Side loading, also known as lateral loading, is an issue that affects the operation and lifespan of compression springs. For engineers working with spring systems, understanding its origins, impacts, and mitigation methods is crucial. While springs are mainly designed for vertical loads, certain conditions can lead to sideways force or side loading. This is frequently a result of incorrect spring installation which results in unwanted lateral forces. This article provides a comprehensive analysis of side loading in compression springs along with practical strategies for engineers to reduce its occurrence and impact. However, do keep in mind that the frequency and effect of side loading may vary based on the specific environment and application of the spring.

How Side Loading Originates

Side loading on a compression spring occurs when there is a mismatch between the direction of applied force and the spring's main axis. This misalignment can result from different sources. Typed incorrectly, as in the case where the influence is not oriented along the main axis, but rather obliquely. This can be observed when a car's spring-based suspension system is installed off-center, which can cause the car's weight to distribute unevenly, causing side loading on the spring.

Unsymmetrical loading is another source of side loading. When different forces act on various sections of the spring, it can direct the load away from the main axis. For example, a spring guide designed incorrectly could allow forces away from the axis, leading to side loading.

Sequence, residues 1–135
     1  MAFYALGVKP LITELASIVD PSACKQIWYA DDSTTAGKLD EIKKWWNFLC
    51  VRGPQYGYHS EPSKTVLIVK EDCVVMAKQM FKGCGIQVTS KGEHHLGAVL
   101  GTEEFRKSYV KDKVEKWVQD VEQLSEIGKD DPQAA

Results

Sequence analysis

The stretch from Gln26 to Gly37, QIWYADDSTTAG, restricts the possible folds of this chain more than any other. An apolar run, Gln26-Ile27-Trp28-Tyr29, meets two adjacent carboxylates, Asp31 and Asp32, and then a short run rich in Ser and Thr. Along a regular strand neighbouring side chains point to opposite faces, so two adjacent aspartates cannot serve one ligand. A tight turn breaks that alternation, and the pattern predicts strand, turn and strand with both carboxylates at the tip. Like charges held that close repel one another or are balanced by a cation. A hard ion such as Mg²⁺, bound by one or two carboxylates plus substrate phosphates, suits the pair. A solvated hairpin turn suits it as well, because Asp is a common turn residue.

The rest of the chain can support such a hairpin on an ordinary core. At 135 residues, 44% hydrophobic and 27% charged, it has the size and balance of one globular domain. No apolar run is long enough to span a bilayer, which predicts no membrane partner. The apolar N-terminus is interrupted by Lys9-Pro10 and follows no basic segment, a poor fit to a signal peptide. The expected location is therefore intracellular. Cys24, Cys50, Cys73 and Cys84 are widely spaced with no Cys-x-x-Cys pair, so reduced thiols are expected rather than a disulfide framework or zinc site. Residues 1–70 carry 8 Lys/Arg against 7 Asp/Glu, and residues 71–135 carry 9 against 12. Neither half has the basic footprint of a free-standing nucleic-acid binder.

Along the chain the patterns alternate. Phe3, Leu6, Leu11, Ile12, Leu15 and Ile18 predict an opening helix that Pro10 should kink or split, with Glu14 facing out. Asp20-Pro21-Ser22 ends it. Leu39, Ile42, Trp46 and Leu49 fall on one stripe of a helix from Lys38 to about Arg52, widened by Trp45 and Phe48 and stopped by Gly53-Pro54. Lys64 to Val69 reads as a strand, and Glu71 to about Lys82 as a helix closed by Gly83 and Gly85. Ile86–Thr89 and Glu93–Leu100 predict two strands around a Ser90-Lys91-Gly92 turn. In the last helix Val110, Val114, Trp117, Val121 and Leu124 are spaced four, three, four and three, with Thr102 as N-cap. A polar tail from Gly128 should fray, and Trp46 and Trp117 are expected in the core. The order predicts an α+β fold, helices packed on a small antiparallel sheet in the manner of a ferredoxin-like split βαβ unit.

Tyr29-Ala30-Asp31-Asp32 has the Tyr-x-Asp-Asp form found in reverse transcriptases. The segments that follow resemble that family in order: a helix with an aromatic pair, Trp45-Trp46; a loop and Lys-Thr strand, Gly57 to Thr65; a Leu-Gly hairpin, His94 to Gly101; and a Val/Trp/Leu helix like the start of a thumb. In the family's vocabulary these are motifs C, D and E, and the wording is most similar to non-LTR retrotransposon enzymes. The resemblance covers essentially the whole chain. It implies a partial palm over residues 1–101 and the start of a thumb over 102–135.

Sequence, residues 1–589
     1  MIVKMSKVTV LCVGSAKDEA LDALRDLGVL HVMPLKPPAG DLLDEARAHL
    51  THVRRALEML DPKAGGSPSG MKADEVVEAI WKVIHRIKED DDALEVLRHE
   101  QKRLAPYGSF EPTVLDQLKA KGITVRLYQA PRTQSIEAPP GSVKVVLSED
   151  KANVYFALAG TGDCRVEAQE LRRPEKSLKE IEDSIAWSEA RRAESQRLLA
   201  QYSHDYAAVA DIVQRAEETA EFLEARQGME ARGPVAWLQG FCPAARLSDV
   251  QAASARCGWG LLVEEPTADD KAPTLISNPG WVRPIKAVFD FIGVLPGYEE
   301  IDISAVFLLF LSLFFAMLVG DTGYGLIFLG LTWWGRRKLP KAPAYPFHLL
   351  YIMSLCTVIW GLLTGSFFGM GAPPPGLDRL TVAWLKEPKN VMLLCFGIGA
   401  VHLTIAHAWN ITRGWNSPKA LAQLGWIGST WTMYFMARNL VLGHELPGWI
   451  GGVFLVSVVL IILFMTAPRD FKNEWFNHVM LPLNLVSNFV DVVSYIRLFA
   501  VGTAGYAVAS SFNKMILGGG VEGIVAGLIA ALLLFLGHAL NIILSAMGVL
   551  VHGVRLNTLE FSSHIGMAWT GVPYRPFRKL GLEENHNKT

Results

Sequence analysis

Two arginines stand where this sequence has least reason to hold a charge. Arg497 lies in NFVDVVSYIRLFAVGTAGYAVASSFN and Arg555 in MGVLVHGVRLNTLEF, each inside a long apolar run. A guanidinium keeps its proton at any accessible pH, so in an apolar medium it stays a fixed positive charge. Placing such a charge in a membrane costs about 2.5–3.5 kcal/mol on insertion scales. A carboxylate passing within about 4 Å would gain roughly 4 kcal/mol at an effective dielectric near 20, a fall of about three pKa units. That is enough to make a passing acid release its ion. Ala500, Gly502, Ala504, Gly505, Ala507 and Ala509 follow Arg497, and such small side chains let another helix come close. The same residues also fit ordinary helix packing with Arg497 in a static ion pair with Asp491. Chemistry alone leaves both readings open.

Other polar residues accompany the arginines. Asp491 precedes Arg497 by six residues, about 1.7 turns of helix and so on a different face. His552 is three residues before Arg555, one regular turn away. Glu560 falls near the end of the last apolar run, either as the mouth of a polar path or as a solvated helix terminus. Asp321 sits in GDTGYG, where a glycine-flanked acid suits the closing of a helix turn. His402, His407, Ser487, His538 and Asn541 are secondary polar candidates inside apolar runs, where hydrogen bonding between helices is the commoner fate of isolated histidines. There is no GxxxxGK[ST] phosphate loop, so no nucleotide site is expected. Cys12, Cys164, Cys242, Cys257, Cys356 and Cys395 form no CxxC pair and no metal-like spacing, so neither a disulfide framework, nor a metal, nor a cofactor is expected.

Engines should give a check to the spring's ends, often referred to as the bases. They should be designed to be parallel to the spring's axis to prevent the creation of side load. For example, in a valve system fitted with a compression spring, incorrect paralleling of the spring's ends can induce side loading upon use.

The compacting or expanding rate of a spring can also lead to side loading. If the rate of distortion doesn't match the spring's natural frequency, it may direct the load away from the main axis. This situation arises when the spring's expansion or compression doesn't follow the designed rate and creates a side load.

To put it simply, to prevent side loading, engineers should align the spring correctly during the install, prevent unsymmetrical loading, and correctly parallel the spring's bases. Furthermore, the spring's compacting and expanding rate should be thoroughly observed to avoid off-axis loads that can cause side load.

Side Effects of Side Loading

Side loading can result in distortion in compression springs, which is typically displayed as buckling or bowing out. This consequence transpires when transverse forces disrupt the stability of the spring. This instability appears because the spring is designed primarily to handle axial forces. A common instance can be observed in automotive vehicles. The shock absorbers in these vehicles utilize compression springs that are engineered to bear vertical compressive force. If lateral side loads are exerted, the spring may buckle or bow out, affecting shock absorption and potentially impacting surrounding components.